Paul Polman

Unilever CEO Paul Polman

We wrote in an analysis on Friday that the Kraft Heinz/Unilever story was looking a long way from being finished, with all the signs pointing to a classic takeover battle. But the war was over before it had even begun.

The US group shocked the industry for a second time in 48 hours on Sunday, withdrawing its approach and leaving the deal dead in the water.

A case of ‘move along people, nothing to see here’? Not quite.

The death of a combination that would have created the second largest food group in the world behind Nestlé raises as many questions as the proposal itself – not least why Kraft Heinz walked away (the lead analysis in this weekend’s issue of The Grocer will delve further into all the issues).

Kraft Heinz seems to have underestimated the wave of resistance from Unilever, politicians, supermarket bosses, unions, shareholders and commentators – not to mention public attitude. However, it shouldn’t have been too much of a leap of imagination to see why the march to effectively create a mega-corporation along the lines of Robocop’s Omni Consumer Products would cause concern for many.

Unilever CEO Paul Polman’s unequivocal response that there was “no merit” in a merger suggested no room to even consider a higher bid, leaving Kraft Heinz no option but to go hostile.

Chief backers 3G Capital and Warren Buffett wisely decided now was not the time for such a course of action given the sensitive political winds blowing through Westminster.

Former business secretary Vince Cable lent his weight to the opposition, calling on the PM to block the bid and warning of the “post #brexit disaster” that has left UK plc’s crown jewels vulnerable to foreign predators because of the hefty devaluation of the pound.

Even with that appealing discount, the famously penny-pinching owners of Kraft Heinz would have had to dig very deep to pull off a deal, offering far more than a mere 18% premium to Unilever’s share price.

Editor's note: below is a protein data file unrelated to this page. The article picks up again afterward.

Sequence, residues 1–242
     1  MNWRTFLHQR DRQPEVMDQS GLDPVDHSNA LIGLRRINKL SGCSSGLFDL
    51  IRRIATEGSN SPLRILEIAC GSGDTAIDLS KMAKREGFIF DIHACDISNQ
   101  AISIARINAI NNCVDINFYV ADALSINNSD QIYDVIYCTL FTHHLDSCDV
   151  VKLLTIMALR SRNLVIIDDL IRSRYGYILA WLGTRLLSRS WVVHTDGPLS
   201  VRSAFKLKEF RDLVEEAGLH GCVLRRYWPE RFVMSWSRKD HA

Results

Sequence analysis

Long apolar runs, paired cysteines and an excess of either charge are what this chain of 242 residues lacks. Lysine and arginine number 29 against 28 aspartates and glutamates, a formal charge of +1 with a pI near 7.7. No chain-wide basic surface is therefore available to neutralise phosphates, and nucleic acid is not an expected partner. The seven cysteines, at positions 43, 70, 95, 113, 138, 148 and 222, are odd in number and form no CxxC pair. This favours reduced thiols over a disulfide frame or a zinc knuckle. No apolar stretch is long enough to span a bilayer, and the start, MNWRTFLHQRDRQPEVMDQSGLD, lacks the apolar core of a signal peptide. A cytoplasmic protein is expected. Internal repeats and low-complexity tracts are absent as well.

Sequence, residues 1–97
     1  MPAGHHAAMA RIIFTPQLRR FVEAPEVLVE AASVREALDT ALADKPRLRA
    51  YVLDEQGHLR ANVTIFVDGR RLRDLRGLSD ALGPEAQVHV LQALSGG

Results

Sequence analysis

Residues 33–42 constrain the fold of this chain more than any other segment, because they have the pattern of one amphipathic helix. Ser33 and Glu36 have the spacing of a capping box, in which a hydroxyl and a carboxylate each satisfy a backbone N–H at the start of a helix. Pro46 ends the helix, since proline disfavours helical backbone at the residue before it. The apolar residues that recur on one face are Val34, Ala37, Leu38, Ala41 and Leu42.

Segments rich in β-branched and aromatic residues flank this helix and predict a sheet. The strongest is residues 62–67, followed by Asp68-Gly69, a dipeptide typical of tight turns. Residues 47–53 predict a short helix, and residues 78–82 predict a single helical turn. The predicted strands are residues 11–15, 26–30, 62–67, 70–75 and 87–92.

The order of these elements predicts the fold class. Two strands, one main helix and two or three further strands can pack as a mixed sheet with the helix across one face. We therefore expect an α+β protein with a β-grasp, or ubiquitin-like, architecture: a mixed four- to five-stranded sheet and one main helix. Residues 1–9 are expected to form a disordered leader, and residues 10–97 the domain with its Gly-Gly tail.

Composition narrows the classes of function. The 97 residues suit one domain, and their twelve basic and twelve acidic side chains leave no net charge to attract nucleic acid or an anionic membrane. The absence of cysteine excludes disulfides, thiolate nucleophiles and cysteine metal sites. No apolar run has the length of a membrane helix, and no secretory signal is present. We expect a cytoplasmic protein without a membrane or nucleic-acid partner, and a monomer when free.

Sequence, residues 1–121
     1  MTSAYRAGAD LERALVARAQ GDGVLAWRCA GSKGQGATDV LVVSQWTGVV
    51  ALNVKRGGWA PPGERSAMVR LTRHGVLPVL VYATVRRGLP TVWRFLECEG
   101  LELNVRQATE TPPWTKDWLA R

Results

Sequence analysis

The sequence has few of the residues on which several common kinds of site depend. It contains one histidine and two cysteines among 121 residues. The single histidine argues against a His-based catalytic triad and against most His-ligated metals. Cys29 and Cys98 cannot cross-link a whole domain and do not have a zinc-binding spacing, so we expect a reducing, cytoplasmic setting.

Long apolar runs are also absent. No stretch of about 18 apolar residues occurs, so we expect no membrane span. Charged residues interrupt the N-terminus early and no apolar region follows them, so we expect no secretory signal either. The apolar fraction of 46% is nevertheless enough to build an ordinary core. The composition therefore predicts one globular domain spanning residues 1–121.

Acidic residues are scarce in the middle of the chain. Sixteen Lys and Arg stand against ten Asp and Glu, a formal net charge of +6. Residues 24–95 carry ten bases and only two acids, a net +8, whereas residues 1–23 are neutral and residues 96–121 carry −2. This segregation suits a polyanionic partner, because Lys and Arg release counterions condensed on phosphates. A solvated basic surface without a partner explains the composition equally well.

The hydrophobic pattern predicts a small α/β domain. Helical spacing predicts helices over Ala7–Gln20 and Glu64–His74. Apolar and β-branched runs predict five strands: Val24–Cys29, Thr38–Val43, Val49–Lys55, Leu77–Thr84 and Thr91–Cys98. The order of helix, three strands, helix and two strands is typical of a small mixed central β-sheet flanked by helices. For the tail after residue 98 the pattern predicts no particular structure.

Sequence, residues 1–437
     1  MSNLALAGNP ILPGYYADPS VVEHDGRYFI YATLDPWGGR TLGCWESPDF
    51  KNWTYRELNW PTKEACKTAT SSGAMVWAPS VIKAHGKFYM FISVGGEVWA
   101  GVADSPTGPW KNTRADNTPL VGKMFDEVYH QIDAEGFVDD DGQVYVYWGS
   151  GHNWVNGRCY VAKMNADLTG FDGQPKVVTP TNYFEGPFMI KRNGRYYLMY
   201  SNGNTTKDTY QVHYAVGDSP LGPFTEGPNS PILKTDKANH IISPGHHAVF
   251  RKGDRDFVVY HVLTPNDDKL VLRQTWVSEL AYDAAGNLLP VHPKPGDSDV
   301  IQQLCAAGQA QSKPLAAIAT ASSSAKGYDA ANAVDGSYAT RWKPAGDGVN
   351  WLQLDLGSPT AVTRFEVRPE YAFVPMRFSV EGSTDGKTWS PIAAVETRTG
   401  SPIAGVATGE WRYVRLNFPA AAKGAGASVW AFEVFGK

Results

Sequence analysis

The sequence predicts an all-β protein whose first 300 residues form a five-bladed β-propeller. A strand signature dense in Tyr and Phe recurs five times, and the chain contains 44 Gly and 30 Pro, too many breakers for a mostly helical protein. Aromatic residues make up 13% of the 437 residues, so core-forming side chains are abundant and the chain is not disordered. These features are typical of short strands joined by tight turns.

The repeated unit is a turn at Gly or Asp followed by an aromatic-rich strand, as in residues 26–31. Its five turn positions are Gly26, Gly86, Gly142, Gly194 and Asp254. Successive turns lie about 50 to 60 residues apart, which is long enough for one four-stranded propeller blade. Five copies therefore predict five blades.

So where does all this leave Unilever and Kraft Heinz?

The inevitable slump in Unilever shares this morning, wiping about £10bn off its value, is not all bad news. The stock is still almost 5% higher at £35.15 than where it sat on Friday before the offer became public. It may signal that the City expects further action and consolidation despite Kraft retreating.

Or it may be, as some analysts have argued, that Unilever has been undervalued for a long while. The fact that Kraft even weighed up a merger boosts the Unilever investment case considerably, but Polman can’t afford to bask in this mini-victory for too long.


While Unilever’s 7,500 UK employees may view him as a hero for resisting the overtures of Kraft Heinz, which would have undoubtedly left an axe hanging over many heads, there will be investor pressure for him to do something significant to accelerate growth and expand margins.

Unilever has, like many of its peers, not least Kraft Heinz, struggled for growth, with the Marmite and Dove owner missing sales expectations in the fourth quarter and warning the slowdown would continue until the second half of 2017 at least.

Polman has also been on the wrong end of pointed remarks about his time spent hobnobbing with the great and powerful at the likes of the World Economic Forum in Davos, casually dropping his close relationship with Barack Obama into conversations.

Some have wondered whether his focus on growing Unilever’s sustainability credentials has overshadowed concerns about slowing revenues – and The Sunday Times asked earlier this year after those disappointing annual results if ‘Persil Paul should stick to selling washing powder’.

However, the Unilever boss should be applauded for his sustainability-first agenda, including the serious attempt to tackle food and packaging waste in all its forms. His resistance to Kraft Heinz is a triumph of responsible long-term capitalism over a profits-before-all-else approach.

He now has to prove Unilever can deliver that long-term growth while retaining independence – and that is likely to need a step up in jettisoning stagnant brands such as Flora and other spreads at the very least.

As for Kraft Heinz, there is no way, when it has put in the hard yards on what would have been the second biggest corporate deal in history, that it would just walk off leisurely into the sunset with a shrug.

Warren Buffett and 3G Capital are not used to failing so spectacularly when it comes to dealmaking. The global fmcg industry – and likely targets such as Mondelez – will be on red alert as they mull their next blockbuster move.